The proposed Jefferson-Martin project is characterized as having a southern segment and a northern segment, and the project could be configured in various ways through combinations of southern and northern route alternatives. In the southern segment, we choose a hybrid configuration that combines part of a southern underground alternative called Route Option 1B with a portion of PG&E's southern aboveground Proposed Project. Immediately north of the Jefferson substation, the authorized 230 kV Jefferson-Martin line will be located within Cañada Road and Skyline Boulevard, entirely underground except for an aboveground crossing of the Crystal Springs Dam. The underground line will transition to an aboveground configuration at a new intermediate transition tower west of Trousdale Drive. The 230 kV line will continue north on rebuilt towers and will be collocated with one circuit of an existing double-circuit 60 kV line. The aboveground 230 kV circuit will exit the SFPUC watershed at a new Glenview Drive transition tower, where it will connect to the underground northern segment.

The Final Environmental Impact Report (FEIR) identified the underground Route Option 1B to be environmentally superior in the southern segment, but we find that this hybrid configuration is preferable because it avoids Route Option 1B's effects on residences and businesses along Trousdale Drive and El Camino Real and is more consistent with the values and wishes of the communities along the route.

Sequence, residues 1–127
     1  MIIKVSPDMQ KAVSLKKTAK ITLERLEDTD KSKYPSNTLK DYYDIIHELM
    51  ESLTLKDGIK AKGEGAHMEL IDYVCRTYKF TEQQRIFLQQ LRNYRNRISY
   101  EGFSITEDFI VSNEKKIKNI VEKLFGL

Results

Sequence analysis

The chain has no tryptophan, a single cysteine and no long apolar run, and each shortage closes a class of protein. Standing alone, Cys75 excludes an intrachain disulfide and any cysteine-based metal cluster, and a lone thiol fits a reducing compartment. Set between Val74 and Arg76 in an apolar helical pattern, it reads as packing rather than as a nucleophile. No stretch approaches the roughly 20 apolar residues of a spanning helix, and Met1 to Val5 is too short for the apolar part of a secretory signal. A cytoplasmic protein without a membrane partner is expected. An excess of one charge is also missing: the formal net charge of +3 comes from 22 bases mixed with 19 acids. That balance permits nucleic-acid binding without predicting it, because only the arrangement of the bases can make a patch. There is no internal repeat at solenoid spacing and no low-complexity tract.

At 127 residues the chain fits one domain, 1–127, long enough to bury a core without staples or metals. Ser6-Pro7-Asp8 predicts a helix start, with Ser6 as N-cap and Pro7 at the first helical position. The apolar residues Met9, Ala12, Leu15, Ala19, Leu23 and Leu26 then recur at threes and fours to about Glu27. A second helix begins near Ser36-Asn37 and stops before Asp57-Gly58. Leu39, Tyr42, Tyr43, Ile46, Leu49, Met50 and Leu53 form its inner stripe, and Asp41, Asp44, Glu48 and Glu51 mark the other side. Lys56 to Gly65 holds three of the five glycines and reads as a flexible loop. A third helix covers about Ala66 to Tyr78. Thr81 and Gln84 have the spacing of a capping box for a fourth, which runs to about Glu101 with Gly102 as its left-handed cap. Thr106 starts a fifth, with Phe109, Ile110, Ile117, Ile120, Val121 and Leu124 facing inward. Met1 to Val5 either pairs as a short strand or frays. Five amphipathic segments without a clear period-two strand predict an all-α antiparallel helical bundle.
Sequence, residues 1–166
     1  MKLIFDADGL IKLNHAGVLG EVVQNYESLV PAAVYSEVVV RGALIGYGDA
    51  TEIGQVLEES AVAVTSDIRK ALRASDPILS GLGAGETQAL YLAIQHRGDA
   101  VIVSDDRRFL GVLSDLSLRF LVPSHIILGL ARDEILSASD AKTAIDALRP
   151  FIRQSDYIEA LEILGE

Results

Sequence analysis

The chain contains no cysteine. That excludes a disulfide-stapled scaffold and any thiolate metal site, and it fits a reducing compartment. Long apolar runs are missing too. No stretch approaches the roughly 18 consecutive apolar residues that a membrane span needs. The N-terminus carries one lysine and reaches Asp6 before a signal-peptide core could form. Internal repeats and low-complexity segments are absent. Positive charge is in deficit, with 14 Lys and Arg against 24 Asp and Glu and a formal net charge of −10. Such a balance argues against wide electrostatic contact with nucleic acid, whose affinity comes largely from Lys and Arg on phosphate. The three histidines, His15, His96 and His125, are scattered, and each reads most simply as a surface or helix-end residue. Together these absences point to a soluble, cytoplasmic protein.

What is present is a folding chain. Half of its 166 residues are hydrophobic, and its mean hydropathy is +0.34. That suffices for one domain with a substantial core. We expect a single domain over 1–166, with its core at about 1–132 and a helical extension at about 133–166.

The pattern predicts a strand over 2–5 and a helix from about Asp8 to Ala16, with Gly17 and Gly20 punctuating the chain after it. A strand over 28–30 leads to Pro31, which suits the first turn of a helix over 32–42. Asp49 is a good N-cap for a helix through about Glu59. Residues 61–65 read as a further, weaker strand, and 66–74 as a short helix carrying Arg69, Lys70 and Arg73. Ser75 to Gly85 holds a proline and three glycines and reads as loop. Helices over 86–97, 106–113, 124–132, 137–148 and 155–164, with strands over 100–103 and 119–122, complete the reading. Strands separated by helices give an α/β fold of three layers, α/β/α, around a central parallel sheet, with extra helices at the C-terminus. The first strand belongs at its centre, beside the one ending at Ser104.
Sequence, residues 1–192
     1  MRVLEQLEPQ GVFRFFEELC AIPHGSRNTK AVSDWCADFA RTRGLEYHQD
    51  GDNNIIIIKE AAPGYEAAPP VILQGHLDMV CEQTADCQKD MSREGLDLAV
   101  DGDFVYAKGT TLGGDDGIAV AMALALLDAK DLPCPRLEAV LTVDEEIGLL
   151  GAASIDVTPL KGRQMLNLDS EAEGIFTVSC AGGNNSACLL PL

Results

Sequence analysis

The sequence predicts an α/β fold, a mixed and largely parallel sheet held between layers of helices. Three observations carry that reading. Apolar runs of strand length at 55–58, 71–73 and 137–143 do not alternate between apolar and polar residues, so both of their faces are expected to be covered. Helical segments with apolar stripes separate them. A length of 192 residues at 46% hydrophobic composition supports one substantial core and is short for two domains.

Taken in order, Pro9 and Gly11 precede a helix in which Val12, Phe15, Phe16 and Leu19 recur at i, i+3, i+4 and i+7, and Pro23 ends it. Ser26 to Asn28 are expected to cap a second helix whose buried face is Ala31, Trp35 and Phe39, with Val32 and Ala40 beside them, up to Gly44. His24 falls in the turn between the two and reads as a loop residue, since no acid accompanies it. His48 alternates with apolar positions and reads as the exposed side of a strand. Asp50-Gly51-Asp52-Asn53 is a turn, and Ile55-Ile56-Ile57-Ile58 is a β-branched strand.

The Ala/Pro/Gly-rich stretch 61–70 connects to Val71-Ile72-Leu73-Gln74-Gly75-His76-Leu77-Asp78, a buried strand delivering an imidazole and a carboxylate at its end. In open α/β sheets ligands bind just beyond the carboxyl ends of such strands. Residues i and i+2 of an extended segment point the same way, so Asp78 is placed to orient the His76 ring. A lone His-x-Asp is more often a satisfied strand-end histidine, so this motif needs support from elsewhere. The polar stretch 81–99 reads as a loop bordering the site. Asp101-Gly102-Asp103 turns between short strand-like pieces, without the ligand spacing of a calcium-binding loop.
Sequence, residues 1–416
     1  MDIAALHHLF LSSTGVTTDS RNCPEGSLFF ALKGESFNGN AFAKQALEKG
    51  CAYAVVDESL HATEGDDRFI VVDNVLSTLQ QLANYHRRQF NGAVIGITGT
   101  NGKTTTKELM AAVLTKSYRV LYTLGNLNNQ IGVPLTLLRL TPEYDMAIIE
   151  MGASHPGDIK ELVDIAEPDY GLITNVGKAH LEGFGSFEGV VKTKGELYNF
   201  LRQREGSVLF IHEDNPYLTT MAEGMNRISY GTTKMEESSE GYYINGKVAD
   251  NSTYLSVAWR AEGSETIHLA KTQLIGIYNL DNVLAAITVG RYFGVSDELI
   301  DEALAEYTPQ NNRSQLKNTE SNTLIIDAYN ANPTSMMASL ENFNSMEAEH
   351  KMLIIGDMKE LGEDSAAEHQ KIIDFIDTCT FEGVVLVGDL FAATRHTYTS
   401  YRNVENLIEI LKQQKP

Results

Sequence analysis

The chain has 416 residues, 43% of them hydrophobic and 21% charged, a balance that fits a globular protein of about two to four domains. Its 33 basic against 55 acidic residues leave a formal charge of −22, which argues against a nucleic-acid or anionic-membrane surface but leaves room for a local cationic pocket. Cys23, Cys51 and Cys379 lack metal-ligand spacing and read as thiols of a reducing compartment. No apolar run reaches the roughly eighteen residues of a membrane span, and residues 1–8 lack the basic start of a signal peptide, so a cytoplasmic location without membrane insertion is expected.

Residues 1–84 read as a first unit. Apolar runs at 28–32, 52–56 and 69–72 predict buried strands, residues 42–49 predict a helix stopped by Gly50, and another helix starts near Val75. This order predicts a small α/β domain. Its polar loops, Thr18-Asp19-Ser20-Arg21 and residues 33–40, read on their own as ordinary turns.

The FEIR identified two underground routes for the northern segment as both being environmentally superior, and we choose one of these routes, PG&E's Proposed Project with Route Option 4B, for the northern segment. From the Glenview Drive transition tower, this northern segment will be constructed beneath San Bruno Avenue and will turn north into Huntington Avenue to the Bay Area Rapid Transit (BART) right of way. This route may be modified slightly, depending on the preference of the City of San Bruno, to avoid a planned Huntington Avenue grade separation project. From the BART right of way, the 230 kV line will turn east into the new Lawndale Boulevard, north into Hillside Boulevard, east into East Market Street, which becomes Guadalupe Canyon Parkway and crosses San Bruno Mountain. Finally, the line will turn north on Bayshore Boulevard to the Martin substation.

The FEIR finds that the authorized route for the Jefferson-Martin project has no significant unmitigable (Class I) environmental impacts. Thus, no Statement of Overriding Considerations is needed. We adopt the mitigation measures proposed in the FEIR, with certain minor modifications that are included in an Addendum to the FEIR. We certify the FEIR and the Addendum.

During this proceeding, there was a great deal of public interest and concern regarding potential health effects from exposure to electric and magnetic fields (EMF) that would be created by the Jefferson-Martin project. In response to these concerns, we require several changes to PG&E's preliminary EMF management plan for the Jefferson-Martin project. A significant body of scientific research has developed since we investigated EMF matters in Investigation (I.) 91-01-012, as reported in a comprehensive review of EMF studies undertaken at the Commission's direction by the California Department of Health Services (DHS).

1 Pub. Util. Code § 1005.5(a) provides that "Whenever the commission issues to an electrical...corporation a certificate authorizing the new construction of any addition to or extension of the corporation's plant estimated to cost greater than fifty million dollars ($50,000,000), the commission shall specify in the certificate a maximum cost determined to be reasonable and prudent for the facility."